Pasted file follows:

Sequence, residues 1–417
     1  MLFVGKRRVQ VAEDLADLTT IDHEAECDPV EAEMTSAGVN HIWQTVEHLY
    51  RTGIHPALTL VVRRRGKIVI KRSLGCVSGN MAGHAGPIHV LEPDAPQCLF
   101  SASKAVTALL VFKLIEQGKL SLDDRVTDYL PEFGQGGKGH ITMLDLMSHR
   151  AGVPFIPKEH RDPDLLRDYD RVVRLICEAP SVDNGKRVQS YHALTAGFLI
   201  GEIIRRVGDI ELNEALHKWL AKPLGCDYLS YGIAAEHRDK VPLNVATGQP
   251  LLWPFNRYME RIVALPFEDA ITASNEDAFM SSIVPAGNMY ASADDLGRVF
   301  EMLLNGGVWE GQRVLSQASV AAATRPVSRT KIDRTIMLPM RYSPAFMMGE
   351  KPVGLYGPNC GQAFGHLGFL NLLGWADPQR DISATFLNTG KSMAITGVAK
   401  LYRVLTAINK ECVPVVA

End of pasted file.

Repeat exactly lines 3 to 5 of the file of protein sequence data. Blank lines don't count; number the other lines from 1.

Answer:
    51  RTGIHPALTL VVRRRGKIVI KRSLGCVSGN MAGHAGPIHV LEPDAPQCLF
   101  SASKAVTALL VFKLIEQGKL SLDDRVTDYL PEFGQGGKGH ITMLDLMSHR
   151  AGVPFIPKEH RDPDLLRDYD RVVRLICEAP SVDNGKRVQS YHALTAGFLI